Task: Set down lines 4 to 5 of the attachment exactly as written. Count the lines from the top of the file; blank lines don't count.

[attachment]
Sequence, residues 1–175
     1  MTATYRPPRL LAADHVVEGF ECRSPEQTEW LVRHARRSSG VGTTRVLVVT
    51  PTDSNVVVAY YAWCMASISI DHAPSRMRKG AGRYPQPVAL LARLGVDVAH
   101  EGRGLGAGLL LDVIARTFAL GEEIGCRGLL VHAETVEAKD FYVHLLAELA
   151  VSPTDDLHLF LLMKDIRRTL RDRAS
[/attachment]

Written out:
   101  EGRGLGAGLL LDVIARTFAL GEEIGCRGLL VHAETVEAKD FYVHLLAELA
   151  VSPTDDLHLF LLMKDIRRTL RDRAS